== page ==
Wednesday, October 28, 2009

West Virginia man with Asperger's, LD confirms his diagnosis after 30 years

From West Virginia Public Broadcasting:

Bethany resident David George has struggled with a learning disability most of his life, and was only recently diagnosed with Asperger’s Syndrome. George has written a book on his struggles and educational experiences called "Be Unique Be You and LIVE!"

For most of his childhood, 39-year-old David George (pictured) couldn’t understand why he struggled with schoolwork and staying focused.

“I was good at math in the first and second grade but it became harder later on and it would take me a long time to absorb comprehend and retain many things I was assigned to read.”

George attended private schools and said a lack of support and understanding from some educators left him feeling isolated.

“Many persons didn’t have a full understanding of attention deficit disorder and learning disabilities in general, but it was worse than that because you see, there were many times that I thought I was getting along with my peers well but it became more difficult through the years.”

George added, “I was very isolated and under conditions where I wasn’t engaging in life in so many different ways.”

Despite his battles, George was accepted into a special education program at Bethany College and said the experience changed his life.

“I was finally in an environment where my morale was enhanced to want to learn more and over time and I learned how to learn.”

“I was surrounded by persons who respected me and saw me as a unique individual. They cared about me and they helped me understand how I could succeed in college and in life.”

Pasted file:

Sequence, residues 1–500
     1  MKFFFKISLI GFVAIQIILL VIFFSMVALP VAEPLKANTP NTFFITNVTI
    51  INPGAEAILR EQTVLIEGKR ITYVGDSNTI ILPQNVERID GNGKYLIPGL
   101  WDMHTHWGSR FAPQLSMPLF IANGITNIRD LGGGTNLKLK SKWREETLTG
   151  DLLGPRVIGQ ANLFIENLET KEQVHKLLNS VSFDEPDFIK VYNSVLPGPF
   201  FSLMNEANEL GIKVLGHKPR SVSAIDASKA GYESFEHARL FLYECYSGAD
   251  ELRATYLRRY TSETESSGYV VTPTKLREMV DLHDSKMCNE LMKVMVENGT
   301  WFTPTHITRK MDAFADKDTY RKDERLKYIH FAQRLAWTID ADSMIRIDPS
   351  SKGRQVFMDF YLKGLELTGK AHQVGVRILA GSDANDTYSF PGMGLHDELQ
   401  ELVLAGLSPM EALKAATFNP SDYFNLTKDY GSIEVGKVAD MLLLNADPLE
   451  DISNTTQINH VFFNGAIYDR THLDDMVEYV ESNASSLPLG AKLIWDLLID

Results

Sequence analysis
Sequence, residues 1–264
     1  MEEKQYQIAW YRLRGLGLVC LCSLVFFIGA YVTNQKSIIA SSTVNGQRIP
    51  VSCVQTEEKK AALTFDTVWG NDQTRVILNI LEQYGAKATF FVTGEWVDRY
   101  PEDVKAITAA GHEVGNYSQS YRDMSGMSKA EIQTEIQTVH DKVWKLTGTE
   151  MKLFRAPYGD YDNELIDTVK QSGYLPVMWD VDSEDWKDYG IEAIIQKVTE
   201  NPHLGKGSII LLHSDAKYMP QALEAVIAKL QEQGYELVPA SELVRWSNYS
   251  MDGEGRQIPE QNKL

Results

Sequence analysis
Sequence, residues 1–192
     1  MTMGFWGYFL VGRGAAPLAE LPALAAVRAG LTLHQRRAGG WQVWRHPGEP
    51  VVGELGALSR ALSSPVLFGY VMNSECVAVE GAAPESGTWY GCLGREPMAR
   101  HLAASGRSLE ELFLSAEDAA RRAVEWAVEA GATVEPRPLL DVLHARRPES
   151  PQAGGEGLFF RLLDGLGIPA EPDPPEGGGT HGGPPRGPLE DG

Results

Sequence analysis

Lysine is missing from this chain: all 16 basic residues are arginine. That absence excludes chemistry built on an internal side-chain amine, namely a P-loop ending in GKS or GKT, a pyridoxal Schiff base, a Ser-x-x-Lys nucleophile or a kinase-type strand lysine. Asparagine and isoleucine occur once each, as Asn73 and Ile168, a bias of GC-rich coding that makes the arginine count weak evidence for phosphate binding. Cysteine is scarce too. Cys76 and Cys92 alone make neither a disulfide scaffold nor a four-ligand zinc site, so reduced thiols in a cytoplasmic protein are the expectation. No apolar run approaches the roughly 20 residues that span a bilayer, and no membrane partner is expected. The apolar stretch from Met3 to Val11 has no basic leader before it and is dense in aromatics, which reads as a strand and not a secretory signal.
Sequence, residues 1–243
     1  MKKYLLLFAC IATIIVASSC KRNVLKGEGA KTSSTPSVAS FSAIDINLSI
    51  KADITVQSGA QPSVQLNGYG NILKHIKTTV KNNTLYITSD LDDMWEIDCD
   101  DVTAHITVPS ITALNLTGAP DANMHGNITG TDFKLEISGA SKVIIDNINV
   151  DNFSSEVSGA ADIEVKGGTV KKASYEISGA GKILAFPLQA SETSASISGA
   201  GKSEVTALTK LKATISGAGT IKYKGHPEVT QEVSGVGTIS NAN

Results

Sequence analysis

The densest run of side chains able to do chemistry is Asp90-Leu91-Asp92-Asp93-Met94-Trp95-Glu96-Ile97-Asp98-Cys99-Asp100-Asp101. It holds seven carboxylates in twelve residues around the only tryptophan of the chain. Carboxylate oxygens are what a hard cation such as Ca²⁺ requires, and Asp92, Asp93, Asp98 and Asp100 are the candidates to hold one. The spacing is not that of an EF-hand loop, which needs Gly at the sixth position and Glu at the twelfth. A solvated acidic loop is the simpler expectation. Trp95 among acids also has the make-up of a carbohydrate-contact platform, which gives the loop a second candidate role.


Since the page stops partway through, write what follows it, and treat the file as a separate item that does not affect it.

George went on to work towards a master’s degree and today works in the human resources department at a bank in Wheeling.

He also is involved in the Bethany College community. Two years ago, he assisted with the school’s theater production "The Who’s Tommy”.

During the production, George met a few people who suggested he should consider being tested for autism.

Last December, George was officially diagnosed with a mild case of Asperger’s syndrome. He says his diagnosis has brought him clarity and closure.

He wrote “Be Unique Be You and LIVE!” in hopes that his story raises awareness of learning disabilities and increases understanding for people with a learning disability.

“The book is in many ways designed to combat ignorance with a number of educational principles such as compassion, understanding, empathy, courtesy, respect and at all costs, accentuating individuality over conformity in so many aspects of life whether it is in school systems, society at broad or life itself,” said George.

“I want people to look deeper into human beings, and Asperger’s or any other learning disabilities shouldn’t be treated as a stigma and people should take the time to work with them and help them to become better rounded in so many areas.”

George said he also wants to inspire those with learning disabilities to develop their talents, despite their challenges.

George is traveling throughout the Northern Panhandle sharing his story as a motivational speaker and is holding a series of book signings.